Posted: Wednesday, November 21, 2012 4:35 PM
By LEE MIELKE
For the Capital Press
Cash cheese prices stabilized in the Thanksgiving holiday shortened week as the markets pondered the latest milk production data and awaited Wednesday afternoon's October Cold Storage report. The blocks closed that morning at $1.8250 per pound, unchanged on the week but 3 3/4-cents above a year ago. They plunged 29 1/2-cents in the previous three weeks. Barrel closed at $1.7450, up 2 1/4-cents on the week, 5 1/2-cents below a year ago, and 8 cents below the blocks. The barrels plunged 35 3/4s the previous two weeks. Nothing sold in the cash market Thanksgiving week. The AMS-surveyed U.S. average block price slipped 2.2 cents, to $2.0566. The barrels averaged $2.0293, down 3.6 cents.
Demand for cheese is good as buyers are looking to build on sales at the lower prices, according to USDA's Dairy Market News. The lower price increased interest in the export market. Cheese and butterfat prices were higher while whole milk powder and skim milk powder prices were modestly lower in Tuesday's Global Dairy Trade auction. The average winning price for cheddar cheese delivered from January 2013 through March 2013 was $1.56 per pound, still well below U.S. prices.
Along with assistance from the CWT program, exports of cheese and curd from January to September totaled 444.3 million pounds, up 21 percent from the same period a year ago. Recent ad featuring for retail sales has increased as the holidays approach, USDA reports.
CWT accepted 25 requests for export assistance this week to sell 2.784 million pounds of cheese and 4.381 million pounds of butter, to customers in Asia, the Middle East, and North Africa. The product will be delivered through May and raised CWT's 2012 cheese exports to 111.1 million pounds, 71.1 million of butter, 127,868 pounds of anhydrous milk fat, and 85,980 pounds of whole milk powder.
Jerry Dryer admitted in his Nov. 16 Dairy and Food Market Analyst that he was "surprised by the size of this (cheese price) correction lower," but added the caveat that "buyers might get a big surprise regarding the suddenness of a price reversal and subsequent price increased."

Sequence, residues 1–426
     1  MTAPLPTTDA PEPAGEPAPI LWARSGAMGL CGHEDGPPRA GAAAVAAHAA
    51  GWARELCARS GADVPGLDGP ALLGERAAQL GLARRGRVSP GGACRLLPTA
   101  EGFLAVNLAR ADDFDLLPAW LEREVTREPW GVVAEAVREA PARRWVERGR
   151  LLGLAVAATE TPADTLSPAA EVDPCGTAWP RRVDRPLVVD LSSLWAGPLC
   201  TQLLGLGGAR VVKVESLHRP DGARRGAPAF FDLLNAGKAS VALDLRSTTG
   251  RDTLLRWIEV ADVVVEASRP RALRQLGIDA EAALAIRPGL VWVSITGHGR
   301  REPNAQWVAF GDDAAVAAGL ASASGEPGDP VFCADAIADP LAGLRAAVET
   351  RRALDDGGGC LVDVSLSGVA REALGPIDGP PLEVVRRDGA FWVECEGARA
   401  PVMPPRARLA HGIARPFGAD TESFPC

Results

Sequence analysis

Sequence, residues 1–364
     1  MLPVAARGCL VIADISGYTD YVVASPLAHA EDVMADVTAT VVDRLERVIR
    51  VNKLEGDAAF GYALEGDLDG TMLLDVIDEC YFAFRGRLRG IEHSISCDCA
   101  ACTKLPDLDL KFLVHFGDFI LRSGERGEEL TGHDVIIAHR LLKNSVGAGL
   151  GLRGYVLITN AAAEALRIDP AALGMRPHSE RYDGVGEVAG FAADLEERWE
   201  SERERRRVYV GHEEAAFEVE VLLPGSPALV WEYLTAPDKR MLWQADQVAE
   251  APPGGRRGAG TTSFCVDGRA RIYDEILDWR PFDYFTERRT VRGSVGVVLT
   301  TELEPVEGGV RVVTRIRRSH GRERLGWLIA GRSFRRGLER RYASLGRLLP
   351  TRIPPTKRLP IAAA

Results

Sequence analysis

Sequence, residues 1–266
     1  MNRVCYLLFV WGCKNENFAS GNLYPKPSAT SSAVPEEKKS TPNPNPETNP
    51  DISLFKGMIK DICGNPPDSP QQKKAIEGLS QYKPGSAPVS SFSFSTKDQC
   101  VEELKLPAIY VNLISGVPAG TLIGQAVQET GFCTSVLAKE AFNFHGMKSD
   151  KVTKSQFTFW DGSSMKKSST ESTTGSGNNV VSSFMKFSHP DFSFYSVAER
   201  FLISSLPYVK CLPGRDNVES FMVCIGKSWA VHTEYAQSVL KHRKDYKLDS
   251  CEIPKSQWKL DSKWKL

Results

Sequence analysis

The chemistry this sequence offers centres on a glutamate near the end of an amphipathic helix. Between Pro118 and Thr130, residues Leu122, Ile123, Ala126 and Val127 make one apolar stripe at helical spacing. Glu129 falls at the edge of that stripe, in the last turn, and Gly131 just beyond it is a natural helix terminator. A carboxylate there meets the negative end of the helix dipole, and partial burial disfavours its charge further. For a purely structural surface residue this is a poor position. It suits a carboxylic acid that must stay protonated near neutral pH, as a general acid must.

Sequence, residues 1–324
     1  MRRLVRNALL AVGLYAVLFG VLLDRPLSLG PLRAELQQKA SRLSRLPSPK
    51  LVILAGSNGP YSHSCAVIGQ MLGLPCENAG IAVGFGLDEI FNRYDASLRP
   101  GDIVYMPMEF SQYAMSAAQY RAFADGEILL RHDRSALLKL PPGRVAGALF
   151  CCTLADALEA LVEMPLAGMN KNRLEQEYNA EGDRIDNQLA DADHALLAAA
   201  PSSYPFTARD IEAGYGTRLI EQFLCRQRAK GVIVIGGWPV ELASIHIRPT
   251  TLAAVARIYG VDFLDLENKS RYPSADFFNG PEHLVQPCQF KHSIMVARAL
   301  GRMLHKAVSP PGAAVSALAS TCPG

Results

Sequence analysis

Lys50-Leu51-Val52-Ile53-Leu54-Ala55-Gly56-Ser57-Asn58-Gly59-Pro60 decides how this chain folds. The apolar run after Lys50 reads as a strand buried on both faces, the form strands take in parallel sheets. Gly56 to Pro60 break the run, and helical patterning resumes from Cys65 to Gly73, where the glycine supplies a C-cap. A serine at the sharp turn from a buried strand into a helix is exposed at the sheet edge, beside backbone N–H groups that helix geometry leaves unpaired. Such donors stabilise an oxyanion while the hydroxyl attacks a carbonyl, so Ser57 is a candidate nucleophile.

"Manufacturers aren't in an-inventory-building mood, brokers/distributors are not in an inventory-holding mood, and holiday sales are pulling pipeline supplies very thin. Customers (retailers and restaurateurs) could wake up one morning to empty coolers which could trigger a crunch of orders for cheese that has yet to be made," Dryer wrote.
The drop in the cheese market was expected, according to Sara Dorland, analyst with the Daily Dairy Report. She pointed to the price gap between U.S. cheese and the world market in the Nov. 16 Daily Dairy Discussion on the DDR website. She warned that cheese manufacturing margins will get squeezed, pointing to November milk costs versus what they'll be able to sell the cheese for.
It also portends declines in farm milk prices but U.S. producers like what they see in their October milk checks, Dorland said, although that varies regionally. Idaho producers, who are paid off of cheese yield, will see the drop in the CME cheese price quickly, possibly $2.50 by the end of November, and California producers can expect a sizeable drop, according to Dorland, because their 4b cheese milk price is based on the CME average price.
Farms in federal order regions like Wisconsin, where 80 percent of the milk is converted into cheese, will see the decline take a little longer to manifest itself due to the two to three week delay between the spot price and the AMS survey prices, she said, and may not be evident until December or the January milk check.
"The reaction across the country could be quite different," Dorland said. "We could see farms in the West continue to contract and, in the nearby, we could actually see farms in the Midwest expand milk production until they see those numbers come into their milk checks."